What is Objective feedback
So what is objective feedback? By definition, objective feedback is specific and measurable data that provides information about performance and effort. An example of objective feedback within the gym would be measuring the velocities of a rotational medicine ball throw, instead of just having a kid walk over and throw the ball and telling him how he’s doing. It puts hard numbers to an athlete’s every output, and to me that is a powerful tool.
Objective Feedback and competition
Competition is a powerful tool for a coach and an athlete. An athlete may work hard when they are training by themselves. But, an athlete is guaranteed to work hard when he’s training next to his best friend who plays for his rival high school. I don’t care if you are the most motivating coach in the world, there is another level when athletes are thrown into a competitive environment. Objective feedback is a great way to create this environment.
Objective feedback creates an environment where your athlete is competing against themself or others on every measured rep. When an athlete does a medicine ball throw, he will throw the medvball to a level that he thinks is hard. This level is often below 100%. Throw a little objective feedback into his throws via radar gun to measure the speed of the each throw and you’ll see magic happen. I promise you each med ball throw will bump up a notch. I saw this day 1 with the pocket radar. The first group of athletes that happened to use it were some of the pro guys. Needless to say these guys are motivated and get after it with med ball throws. The level they took it to, once we got the radar going was insane! The guys all admitted that they’ve never thrown medballs with that level of intensity!
(If any of you know me, that is one of the best/worst thing an athlete can tell me. You just admitted to sad bagging on all your other throws)
The increase in personal competition is awesome. Now, add that competiton into a group training setting and watch out. Within the jump every single jump is measured and recorded. When it comes to verticals we use the Just Jump mat. Watching a group of athletes competing on the Just Jump mat is a thing of beauty. If one person has a good jump, I’d almost guarantee good jumps from every other guy in the group. If you’re the athlete that doesn’t respond, ha!!! The shit talking ramps up, and verticals stay up, and your gym will stay buzzing with energy!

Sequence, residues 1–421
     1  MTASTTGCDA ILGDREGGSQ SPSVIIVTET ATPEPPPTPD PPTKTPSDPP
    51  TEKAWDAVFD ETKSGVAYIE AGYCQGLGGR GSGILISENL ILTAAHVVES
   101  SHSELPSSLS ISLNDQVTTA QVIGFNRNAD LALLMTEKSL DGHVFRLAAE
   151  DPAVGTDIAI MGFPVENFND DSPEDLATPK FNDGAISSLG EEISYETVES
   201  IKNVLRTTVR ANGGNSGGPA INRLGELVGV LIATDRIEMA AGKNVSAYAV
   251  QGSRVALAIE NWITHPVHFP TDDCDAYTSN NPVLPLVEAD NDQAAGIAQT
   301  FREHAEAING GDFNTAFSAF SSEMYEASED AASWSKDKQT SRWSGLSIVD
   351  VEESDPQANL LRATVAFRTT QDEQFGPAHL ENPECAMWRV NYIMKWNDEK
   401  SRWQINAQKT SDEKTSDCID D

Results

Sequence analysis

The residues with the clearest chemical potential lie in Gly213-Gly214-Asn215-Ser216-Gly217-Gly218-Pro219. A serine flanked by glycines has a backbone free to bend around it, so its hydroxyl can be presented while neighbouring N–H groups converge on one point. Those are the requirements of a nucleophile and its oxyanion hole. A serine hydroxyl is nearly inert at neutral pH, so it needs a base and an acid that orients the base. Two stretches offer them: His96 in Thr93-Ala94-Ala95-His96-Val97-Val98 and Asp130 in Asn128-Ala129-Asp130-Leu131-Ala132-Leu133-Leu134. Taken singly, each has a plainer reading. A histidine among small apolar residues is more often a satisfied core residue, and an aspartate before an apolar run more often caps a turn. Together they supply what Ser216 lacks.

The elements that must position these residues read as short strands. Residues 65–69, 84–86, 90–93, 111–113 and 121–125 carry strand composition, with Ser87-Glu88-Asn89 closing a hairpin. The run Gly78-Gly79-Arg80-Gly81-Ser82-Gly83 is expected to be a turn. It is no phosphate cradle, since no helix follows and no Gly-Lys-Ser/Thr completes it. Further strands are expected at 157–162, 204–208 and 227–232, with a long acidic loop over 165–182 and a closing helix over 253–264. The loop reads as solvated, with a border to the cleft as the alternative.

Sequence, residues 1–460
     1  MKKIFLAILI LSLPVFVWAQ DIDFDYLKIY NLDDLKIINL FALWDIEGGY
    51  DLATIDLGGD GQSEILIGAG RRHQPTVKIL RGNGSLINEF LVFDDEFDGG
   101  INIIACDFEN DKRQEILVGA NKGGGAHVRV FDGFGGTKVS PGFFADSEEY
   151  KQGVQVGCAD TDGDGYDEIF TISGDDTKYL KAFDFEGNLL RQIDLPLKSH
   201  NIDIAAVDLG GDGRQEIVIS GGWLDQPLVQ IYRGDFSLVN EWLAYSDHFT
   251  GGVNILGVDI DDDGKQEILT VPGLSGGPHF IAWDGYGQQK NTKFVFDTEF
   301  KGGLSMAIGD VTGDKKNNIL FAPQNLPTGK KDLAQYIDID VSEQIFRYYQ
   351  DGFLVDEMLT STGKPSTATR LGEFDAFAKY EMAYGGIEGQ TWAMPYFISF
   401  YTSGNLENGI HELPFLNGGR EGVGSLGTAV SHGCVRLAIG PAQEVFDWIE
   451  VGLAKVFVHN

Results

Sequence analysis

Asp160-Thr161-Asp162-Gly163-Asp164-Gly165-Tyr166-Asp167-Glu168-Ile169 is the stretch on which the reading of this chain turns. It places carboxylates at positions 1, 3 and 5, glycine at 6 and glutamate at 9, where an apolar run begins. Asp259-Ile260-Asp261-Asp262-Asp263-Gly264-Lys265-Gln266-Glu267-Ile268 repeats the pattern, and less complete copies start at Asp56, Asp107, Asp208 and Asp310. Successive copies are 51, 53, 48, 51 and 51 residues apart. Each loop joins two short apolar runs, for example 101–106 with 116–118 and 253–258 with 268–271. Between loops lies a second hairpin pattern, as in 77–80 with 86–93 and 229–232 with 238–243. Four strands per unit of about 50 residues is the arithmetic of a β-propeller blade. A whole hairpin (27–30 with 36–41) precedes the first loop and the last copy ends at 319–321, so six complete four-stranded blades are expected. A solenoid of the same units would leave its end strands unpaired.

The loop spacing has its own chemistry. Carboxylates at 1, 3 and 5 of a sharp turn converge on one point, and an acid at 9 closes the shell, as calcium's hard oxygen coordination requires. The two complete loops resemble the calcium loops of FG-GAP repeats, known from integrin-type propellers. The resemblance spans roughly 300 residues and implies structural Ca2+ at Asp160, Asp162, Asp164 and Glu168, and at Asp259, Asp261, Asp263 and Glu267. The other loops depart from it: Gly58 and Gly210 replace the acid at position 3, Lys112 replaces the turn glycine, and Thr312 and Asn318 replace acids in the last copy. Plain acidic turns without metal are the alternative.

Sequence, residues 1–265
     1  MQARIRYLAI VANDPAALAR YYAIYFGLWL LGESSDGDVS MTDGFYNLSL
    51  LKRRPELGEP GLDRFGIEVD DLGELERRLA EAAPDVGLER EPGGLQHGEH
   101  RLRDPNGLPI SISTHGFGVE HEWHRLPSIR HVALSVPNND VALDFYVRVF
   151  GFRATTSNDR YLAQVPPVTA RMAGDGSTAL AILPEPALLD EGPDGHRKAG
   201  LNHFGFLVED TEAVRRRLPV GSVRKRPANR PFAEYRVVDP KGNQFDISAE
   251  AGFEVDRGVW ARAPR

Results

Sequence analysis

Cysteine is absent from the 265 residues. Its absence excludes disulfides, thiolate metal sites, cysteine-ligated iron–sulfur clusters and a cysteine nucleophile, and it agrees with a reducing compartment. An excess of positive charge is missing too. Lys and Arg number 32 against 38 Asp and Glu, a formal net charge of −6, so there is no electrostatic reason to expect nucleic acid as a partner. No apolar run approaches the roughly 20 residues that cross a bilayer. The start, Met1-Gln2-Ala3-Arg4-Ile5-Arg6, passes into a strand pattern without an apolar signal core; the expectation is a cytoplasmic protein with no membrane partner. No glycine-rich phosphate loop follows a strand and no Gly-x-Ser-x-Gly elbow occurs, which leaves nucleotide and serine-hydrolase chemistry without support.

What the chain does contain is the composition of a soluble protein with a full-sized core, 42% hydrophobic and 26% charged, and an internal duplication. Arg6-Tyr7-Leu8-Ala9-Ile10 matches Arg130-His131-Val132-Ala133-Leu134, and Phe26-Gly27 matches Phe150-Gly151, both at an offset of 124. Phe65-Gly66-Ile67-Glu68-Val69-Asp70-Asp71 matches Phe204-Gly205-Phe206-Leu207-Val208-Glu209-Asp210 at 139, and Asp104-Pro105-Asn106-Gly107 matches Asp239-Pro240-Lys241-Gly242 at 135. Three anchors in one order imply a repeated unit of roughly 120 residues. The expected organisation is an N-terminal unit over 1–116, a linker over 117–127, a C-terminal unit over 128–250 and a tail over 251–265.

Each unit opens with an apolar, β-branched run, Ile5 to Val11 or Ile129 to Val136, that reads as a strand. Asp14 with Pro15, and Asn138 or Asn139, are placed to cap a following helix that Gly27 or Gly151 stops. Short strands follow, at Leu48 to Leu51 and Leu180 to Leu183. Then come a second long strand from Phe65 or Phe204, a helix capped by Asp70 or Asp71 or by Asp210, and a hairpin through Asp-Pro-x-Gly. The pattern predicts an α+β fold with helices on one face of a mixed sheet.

Higher effort means faster progress. Competition in the form of objective feedback will make your athletes improve quicker. Just be smart with where you use objective feedback. Higher speeds and higher output induce more stress. Within my programming we use objective feedback for the most important exercises on a given day. In the next part we’ll talk auto-regulation, which will explain how we maintain quality of movements and quality of output drops.
Objective Feedback and Auto-regulation
The instant objective feedback received from an athlete’s output gives you detail on an athletes current training status. For example, Johnny comes in every day and runs between a 1.62 and 1.65 on his laser 10 yard sprint. But today he can’t run below a 1.69 and you can see less bounce between his feet in the ground. This usually means that his nervous system might be fatigued. This leaves you with two options, coach him up, and see if that makes the change. If that fails, adjust training accordingly! Decrease the volume of jumps or throws, scale back on intensity, and live to lift another day! An athletes output will auto-regulate what an athlete does and how you will program.
Quality is king! Within the same umbrella of auto regulation, objective feedback can tell you when the reps are losing quality. For example, if I programmed Alex to do 5 contrasts sets of 2 squats with 2 vertical jumps, and after set 3 his vertical has dropped by 2 inches for each jump compared to his first two sets, the quality of reps is dropping. Alex is no longer going to receive the ideal stress for the days prescribed training. At this point, I would just end the work for squats there, or just eliminate the jump, if the quality of squat is still high.